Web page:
In his third-floor office above the newly renovated Avalon Hollywood nightclub, John Lyons pulled out a black-and-white photo of himself with the ‘70s disco legend Evelyn “Champagne” King. He guessed he was about 21 at the time, and just getting his footing in clubland.
“As you can see, I’ve been in the dance music business for a long, long time,” he said. “You’re probably too young to have been there for disco, but I can tell you: When a scene starts to become a caricature of itself, people have no choice but to discard it.”
That’s a grim warning from a guy whose nightclub has been at the center of the EDM boom in Los Angeles for over a decade.
Since opening in 2003, Avalon has hosted practically every major name and rising act in contemporary dance music passing through the Southland. Its Friday night Control series hosts contemporary EDM, trap and dubstep superstars; Saturday nights bring classic and underground house and techno, with artists making full use of the club’s rare 24-hour operating license (though alcohol sales end at 2 a.m.).
Now that America is several years into EDM’s ascent, festivals and club owners are wondering how much of the money and attention on the scene is a permanent sea change — or a velvet coffin for a sound that’s bound for a backlash.
After a fairly thorough rehab that debuted last weekend, Avalon looks better positioned than most to carve a post-EDM future for dance music in L.A.
Eleven years isn’t just a long run in night life — it practically spans two distinct eras in American dance music. Moby’s pop-crossover “Play” was just off its licensing blitz when Lyons bought the place in 2002. An awful lot happened in music in the interim, but Avalon’s bullish consistency left it well-prepared for the return of house and techno to pop culture in the late 2000s.
The venue always had a charm of its own. Unlike the eight-figure new megaclubs of Las Vegas, Avalon kept the old-Hollywood details of its original 1920s architecture (like the massive crown-shaped ceiling detail). But even Lyons acknowledged that it was high time for some 2014 infrastructure.
“The bathrooms still had plumbing from 1927,” he said. The renovation isn’t a wholly drastic makeover, but “for a Saturday night club goer, there’s a lot to notice.”
Updates include a whole new entry and foyer designed for hanging out (and not just shuttling masses of sweaty fans in) and a cozier balcony with new VIP booths. Along the walls, 150 new LED panels can accent a DJ set or let artists wrap their own visual content around the room. Most important, the venue has an entirely new sound system hand-designed by Lyons (he’s also worked on the systems of major clubs like Light in Las Vegas) that can keep pace with another decade of trends in electronica.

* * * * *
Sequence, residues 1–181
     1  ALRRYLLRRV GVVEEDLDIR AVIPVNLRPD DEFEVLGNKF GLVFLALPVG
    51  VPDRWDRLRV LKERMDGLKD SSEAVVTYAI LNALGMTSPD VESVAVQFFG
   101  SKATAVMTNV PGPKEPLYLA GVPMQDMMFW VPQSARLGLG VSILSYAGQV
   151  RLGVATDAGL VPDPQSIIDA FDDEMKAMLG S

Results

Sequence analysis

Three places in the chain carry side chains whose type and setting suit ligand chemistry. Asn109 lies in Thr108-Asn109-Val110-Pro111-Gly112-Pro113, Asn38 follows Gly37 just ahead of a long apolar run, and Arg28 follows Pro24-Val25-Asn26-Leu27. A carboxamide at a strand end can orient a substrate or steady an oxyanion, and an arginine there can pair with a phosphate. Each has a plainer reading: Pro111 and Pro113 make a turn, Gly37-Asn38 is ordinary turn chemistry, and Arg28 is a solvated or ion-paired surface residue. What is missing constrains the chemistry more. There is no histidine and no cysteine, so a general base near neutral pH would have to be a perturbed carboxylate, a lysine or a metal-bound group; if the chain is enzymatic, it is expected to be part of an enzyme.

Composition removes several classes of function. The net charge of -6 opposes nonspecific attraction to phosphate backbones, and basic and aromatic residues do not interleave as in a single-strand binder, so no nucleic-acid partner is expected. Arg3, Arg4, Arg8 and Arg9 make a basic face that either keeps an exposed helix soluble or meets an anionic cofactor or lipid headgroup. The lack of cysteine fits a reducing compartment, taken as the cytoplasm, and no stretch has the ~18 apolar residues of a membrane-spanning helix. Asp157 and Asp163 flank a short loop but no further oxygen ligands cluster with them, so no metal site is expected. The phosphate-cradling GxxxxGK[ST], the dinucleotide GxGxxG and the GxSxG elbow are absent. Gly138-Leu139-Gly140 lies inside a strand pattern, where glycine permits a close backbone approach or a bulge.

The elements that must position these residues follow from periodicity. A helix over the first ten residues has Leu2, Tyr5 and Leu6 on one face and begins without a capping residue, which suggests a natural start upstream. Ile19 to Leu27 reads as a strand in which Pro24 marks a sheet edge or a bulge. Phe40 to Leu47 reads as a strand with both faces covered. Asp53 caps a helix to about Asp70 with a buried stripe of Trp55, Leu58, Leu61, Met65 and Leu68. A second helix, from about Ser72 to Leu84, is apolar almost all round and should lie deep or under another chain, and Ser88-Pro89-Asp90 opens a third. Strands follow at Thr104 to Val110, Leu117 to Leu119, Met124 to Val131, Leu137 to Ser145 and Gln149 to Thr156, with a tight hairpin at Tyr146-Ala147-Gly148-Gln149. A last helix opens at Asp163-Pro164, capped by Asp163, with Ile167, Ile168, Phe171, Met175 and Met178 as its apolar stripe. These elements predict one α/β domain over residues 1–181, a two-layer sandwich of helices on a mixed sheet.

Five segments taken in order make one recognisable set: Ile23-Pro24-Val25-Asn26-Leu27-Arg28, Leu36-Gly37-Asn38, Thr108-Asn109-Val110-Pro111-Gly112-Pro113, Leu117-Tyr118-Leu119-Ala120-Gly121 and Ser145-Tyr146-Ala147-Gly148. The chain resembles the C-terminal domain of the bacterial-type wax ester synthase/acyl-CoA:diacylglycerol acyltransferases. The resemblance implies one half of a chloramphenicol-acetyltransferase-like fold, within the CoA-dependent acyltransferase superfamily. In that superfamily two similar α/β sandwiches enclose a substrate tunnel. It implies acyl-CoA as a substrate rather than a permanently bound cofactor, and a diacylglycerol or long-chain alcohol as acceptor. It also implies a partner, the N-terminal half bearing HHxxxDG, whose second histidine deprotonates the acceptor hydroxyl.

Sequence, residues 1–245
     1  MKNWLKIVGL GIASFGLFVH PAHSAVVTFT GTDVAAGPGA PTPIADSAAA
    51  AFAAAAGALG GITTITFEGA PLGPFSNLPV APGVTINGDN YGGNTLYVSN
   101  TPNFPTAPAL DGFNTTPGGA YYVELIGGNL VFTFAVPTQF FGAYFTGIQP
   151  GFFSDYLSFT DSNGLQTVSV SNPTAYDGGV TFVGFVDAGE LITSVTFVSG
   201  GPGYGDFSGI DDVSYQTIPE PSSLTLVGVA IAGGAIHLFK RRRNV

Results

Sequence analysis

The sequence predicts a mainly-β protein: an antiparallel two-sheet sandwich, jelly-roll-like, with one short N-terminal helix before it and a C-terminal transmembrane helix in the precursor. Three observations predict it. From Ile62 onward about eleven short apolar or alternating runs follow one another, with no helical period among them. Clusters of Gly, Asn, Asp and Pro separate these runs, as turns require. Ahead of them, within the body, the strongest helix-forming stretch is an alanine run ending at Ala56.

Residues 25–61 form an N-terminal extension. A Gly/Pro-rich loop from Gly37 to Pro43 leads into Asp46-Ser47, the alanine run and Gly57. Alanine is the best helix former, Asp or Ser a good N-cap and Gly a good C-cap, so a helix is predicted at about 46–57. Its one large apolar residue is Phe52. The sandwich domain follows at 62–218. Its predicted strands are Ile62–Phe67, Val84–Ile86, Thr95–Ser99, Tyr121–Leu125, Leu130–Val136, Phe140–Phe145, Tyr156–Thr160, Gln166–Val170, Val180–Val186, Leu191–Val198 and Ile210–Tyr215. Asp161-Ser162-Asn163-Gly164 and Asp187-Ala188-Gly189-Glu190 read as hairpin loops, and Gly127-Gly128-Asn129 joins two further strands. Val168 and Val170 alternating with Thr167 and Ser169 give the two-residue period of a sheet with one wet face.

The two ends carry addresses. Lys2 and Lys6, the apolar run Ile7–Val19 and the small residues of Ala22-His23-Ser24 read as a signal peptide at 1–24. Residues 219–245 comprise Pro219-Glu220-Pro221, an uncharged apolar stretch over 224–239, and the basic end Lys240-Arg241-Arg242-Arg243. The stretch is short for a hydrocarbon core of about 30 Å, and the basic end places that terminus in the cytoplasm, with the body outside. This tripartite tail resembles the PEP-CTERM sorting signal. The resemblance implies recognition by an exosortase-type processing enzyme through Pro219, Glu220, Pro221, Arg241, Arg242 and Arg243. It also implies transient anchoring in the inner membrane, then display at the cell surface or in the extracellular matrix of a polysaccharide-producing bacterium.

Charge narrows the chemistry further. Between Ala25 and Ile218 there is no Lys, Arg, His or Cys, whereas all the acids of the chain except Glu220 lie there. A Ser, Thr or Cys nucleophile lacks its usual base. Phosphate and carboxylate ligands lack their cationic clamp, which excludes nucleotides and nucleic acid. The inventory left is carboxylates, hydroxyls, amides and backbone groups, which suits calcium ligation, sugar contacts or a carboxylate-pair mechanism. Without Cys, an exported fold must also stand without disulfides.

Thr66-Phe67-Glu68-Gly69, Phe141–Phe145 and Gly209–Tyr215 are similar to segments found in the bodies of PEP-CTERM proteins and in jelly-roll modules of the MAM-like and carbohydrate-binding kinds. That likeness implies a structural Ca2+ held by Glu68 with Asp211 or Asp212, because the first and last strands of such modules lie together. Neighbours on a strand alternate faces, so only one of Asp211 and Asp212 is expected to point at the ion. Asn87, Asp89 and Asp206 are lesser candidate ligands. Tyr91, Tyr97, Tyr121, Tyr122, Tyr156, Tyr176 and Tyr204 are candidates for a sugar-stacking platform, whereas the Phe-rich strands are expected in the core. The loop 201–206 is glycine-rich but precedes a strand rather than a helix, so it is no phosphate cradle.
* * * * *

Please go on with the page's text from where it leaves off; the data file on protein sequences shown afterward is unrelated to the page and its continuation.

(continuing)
The renovation opened to the public May 7 with the spoken-word series “The Moth,” capped by a six-hour set on May 10 from the house-music stalwart Erick Morillo, who has performed countless times at Avalon over the years.
“The new lights had this peripheral look from inside the DJ booth; it looked like they were spinning the whole club around you,” Morillo said. “The new sound system was unreal. You could stand on the floor and feel the bass and still have a conversation — it was loud, but it was perfect. Whatever they put in there, I have to get one for my house.”
But a room is only as relevant as the music coming through it. That, more than refurbishing the restrooms, will be the fundamental challenge for Avalon as it navigates whatever is coming next in dance music.
Legendary rooms like the Larry Levan-era Paradise Garage in New York and Frankie Knuckles’ Warehouse in Chicago earned their legacies from defining a sound or moment in a city’s culture. Avalon’s bookings are too heterodox for that, and the long-term artistic (rather than commercial) legacy of EDM is still uncertain.
A decade-plus in, the venue has become something else, and rare — a consistent proving ground for new dance talent.
The venue’s longtime promoter, Dave Dean of Giant, takes the career of hometown hero Skrillex as a model for talent-buying. He wants to find diverse rising acts, help vault them to the next level beyond Avalon’s 2,000-capacity floor, and not try to compete with festival and Vegas paychecks after DJs go on to bigger things.
“This rising tide lifts all boats,” he said. “We’re all about giving DJs their first big opportunities. Look, this is a city of 8 million people and a region of 20 million, and people here are more invested in dance music than any other region of the country. They want this experience, and this place has an unparalleled history with almost every major artist playing here.”
If you do your job right, he said, you hit a sweet spot where new artists forge careers there, and major acts return for underplays based on their relationship with the space.
That’s fundamentally the selling point of Avalon. In a culture where clubs last a few years at best, Avalon is one of the few rooms that last long enough for an artist to get attached. “It’s so important to have places like this, to always have a home at clubs like Space or Pacha or Avalon,” Morillo said.
The trick is to make sure you’re still around when something new happens.
“As EDM becomes more of a business, a lot of that magic is going to get diluted,” Lyons said. “But there’s always new magic.”